23 мая, 12:54

Petra Kvitova to play at Wimbledon months after stabbing by intruder

• Two-times champion could be ready for French Open this weekend• Victoria Azarenka also on course for Wimbledon after birth of sonPetra Kvitova is set to play at Wimbledon less than seven months after she was stabbed by an intruder at her home.The 26-year-old, who required four hours of surgery to her playing hand after the December attack in Prostejov in the Czech Republic, could even be ready to play in the French Open, which begins in Paris on Sunday. Continue reading...

22 мая, 23:10

FRANKENARMY: Germany Is Quietly Building a European Army Under Its Command. Germany and two of it…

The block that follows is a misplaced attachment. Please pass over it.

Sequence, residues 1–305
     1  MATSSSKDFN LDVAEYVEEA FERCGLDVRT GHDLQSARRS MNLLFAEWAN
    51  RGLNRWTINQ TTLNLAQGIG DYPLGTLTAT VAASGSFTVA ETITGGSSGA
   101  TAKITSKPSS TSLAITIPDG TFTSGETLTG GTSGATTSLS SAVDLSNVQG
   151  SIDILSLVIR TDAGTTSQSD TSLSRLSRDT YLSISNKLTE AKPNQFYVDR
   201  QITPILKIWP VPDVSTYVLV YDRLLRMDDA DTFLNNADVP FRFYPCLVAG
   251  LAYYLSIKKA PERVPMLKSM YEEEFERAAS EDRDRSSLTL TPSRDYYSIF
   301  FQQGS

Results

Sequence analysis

FRANKENARMY: Germany Is Quietly Building a European Army Under Its Command. Germany and two of its European allies, the Czech Republic and Romania, quietly took a radical step down a path toward something that looks like an EU army while avoiding the messy politics associated with it: They announced the integration of their armed forces. […]

Выбор редакции
22 мая, 21:36

Czechia Has Won The Czech Republic Name Debate

Last year the Czech Republic encouraged English speakers to start calling their country Czechia. Why did that happen? Is the use of Czechia catching on or being rejected?

Выбор редакции
17 мая, 18:17

Czech spy agency: Money to terror group sent from country

The Czech Republic’s counter-intelligence agency says it is aware of at least one case of a terror group being funded from the country.

17 мая, 12:05

If You Live in an Area with High Income Inequality, You’re More Likely to Burn Out at Work